Research Article
Research Article
First record of the Sulia glaesaria Simutnik, 2015 (Hymenoptera, Chalcidoidea, Encyrtidae) from Rovno amber
expand article infoSerguei A. Simutnik, Evgeny E. Perkovsky, Mykola R. Khomych§, Dmitry V. Vasilenko|
‡ I.I. Schmalhausen Institute of Zoology, National Academy of Sciences of Ukraine, Kiev, Ukraine
§ Unaffiliated, Rovno, Ukraine
| Borissiak Paleontological Institute, Russian Academy of Sciences, Moscow, Russia
¶ Cherepovets State University, Vologda, Russia
Open Access


Sulia glaesaria Simutnik, 2015 (Chalcidoidea, Encyrtidae), originally described from late Eocene Danish amber, is reported in coeval Rovno amber. A revised diagnosis of this genus is provided based on the new specimen and high-resolution photomicrographs of the holotype. Some character states, such as a short radicle, clypeus with long lateral margins, the presence of a strigil and basitarsal comb, spur vein of the hind wing, costal cell of hind wing along entire marginal vein with single line of long setae, and almost vertical syntergum with abruptly reflexed extension apically are reported in this species for the first time.


Acropleural sulcus, acropleuron, Danish amber, Eocene, fossil Encyrtidae, syntergum


Our research on several amber collections shows that the Encyrtidae is one of the most widespread families of Chalcidoidea in Eocene ambers (Simutnik 2001, 2002, 2007, 2015a, 2020; Simutnik and Perkovsky 2017, 2018a, b, c, 2020; Simutnik et al. 2014, 2021) along with Mymaridae, Aphelinidae and Trichogrammatidae. Most extant families of Chalcidoidea, including Tanaostigmatidae s.s., are, however, still unknown from the late Eocene. The large and distinctive chalcidoid wasp Leptoomus janzeni Gibson, 2008 from Baltic amber was previously attributed to Tanaostigmatidae s.l. along with the extant genus Cynipencyrtus Ishii, (1928) (Gibson 2008, 2009), but Heraty et al. (2013) subsequently treated Cynipencyrtus as its own family, Cynipencyrtidae Trjapitzin, 1973. A second, well preserved female specimen of L. janzeni was then reported from Rovno amber by Simutnik et al. (2020a). Some of its character states, in particular a bare and flat prepectus, suggest that a separate family should likely also be established for Leptoomus.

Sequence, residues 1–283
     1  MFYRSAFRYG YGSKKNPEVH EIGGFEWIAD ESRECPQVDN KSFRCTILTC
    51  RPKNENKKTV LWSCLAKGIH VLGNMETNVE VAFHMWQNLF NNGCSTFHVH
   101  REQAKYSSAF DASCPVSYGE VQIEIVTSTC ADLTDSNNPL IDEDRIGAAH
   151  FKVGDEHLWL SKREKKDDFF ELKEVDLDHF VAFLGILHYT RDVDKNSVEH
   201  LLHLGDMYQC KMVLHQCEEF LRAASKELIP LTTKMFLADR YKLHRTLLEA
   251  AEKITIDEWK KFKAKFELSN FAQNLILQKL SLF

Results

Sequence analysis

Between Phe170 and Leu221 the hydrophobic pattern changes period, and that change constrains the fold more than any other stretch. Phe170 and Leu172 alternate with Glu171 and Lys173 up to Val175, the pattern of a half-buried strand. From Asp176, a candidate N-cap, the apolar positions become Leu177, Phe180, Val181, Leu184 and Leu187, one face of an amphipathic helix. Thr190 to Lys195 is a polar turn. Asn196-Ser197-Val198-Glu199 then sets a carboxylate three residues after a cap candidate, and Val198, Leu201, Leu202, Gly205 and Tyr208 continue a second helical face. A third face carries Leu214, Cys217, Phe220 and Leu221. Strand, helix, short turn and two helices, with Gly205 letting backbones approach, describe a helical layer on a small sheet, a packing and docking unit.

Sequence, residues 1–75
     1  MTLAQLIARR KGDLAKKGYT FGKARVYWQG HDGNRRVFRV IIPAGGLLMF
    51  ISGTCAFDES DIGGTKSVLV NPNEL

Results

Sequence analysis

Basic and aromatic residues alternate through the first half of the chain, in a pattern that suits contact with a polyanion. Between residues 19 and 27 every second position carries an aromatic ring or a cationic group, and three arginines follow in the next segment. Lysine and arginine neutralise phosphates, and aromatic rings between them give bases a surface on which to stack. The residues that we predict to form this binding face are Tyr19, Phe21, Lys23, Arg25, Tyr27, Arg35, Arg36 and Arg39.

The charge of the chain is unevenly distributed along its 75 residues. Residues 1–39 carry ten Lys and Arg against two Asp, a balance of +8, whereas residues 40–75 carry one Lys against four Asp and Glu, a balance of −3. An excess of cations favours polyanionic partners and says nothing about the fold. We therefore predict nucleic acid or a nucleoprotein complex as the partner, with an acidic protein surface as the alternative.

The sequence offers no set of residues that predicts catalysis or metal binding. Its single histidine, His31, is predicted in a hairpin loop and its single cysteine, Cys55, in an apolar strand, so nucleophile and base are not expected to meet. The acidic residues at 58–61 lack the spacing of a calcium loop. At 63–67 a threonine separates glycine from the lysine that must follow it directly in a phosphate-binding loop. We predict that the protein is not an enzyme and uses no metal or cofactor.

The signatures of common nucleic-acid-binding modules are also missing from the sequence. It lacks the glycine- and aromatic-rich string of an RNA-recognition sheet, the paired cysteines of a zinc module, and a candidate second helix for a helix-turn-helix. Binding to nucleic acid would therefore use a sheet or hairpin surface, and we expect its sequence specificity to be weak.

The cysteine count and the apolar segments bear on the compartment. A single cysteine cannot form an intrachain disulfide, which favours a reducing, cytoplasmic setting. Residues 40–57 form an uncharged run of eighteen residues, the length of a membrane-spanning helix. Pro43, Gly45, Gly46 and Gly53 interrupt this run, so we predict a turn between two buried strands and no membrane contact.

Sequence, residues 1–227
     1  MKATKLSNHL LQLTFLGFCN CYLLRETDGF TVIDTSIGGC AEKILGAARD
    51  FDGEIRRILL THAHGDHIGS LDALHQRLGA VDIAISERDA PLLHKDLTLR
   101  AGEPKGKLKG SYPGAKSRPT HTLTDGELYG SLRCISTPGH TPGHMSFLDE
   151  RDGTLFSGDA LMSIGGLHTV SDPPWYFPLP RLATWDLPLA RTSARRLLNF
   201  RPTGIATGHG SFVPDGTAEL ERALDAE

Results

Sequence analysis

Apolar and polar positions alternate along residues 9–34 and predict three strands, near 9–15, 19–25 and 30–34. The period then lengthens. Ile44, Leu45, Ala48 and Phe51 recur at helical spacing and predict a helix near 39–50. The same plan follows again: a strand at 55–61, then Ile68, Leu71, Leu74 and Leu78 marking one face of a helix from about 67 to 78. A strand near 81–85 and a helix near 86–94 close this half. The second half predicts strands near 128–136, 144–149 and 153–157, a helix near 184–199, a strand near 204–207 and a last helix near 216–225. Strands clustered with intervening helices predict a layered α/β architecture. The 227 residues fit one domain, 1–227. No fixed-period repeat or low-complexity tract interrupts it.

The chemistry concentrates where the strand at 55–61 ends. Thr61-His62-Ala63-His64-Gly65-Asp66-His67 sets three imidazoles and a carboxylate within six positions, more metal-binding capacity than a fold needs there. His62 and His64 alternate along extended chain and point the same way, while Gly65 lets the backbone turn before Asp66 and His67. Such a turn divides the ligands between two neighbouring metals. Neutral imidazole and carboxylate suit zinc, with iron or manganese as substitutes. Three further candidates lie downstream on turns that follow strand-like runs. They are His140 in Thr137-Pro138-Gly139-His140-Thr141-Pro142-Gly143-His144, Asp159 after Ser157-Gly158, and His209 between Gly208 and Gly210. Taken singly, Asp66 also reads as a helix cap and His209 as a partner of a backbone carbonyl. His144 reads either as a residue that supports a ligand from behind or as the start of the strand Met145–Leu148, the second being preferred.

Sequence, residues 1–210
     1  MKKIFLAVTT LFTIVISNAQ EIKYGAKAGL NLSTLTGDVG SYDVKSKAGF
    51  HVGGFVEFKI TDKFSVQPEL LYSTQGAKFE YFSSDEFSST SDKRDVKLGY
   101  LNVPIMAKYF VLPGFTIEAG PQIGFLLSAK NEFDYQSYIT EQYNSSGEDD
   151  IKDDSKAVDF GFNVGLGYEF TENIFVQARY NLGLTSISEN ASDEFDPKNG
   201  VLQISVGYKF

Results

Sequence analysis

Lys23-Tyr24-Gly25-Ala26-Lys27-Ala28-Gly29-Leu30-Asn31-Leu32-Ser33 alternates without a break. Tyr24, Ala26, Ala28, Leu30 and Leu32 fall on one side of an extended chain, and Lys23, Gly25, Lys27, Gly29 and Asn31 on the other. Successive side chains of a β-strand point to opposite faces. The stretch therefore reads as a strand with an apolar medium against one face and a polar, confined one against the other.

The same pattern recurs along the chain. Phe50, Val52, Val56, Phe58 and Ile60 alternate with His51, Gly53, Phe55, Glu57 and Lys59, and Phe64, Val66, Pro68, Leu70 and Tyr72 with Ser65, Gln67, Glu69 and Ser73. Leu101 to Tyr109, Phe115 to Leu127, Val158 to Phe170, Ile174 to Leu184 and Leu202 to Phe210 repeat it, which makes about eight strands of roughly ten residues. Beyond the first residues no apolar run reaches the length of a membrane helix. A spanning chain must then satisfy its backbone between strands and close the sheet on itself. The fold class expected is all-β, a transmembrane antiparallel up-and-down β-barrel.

Sulia glaesaria Simutnik, 2015 was described from late Eocene Danish amber (Simutnik 2015b) and recently discovered in Rovno amber. Using a Leica Z16 APO stereomicroscope allowed revision of the diagnosis of this extinct genus.

The earliest known Encyrtidae include one female and four males ascribed to five different genera from middle Eocene Sakhalinian amber (Simutnik 2014, 2015b, 2020; Simutnik et al. 2021). They differ significantly from modern and late Eocene European amber encyrtids.

Material and methods

Ukrainian Rovno amber (33.9–37.8 Mya) is coeval with Baltic and Danish ambers from which L. janzeni and S. glaesaria were described.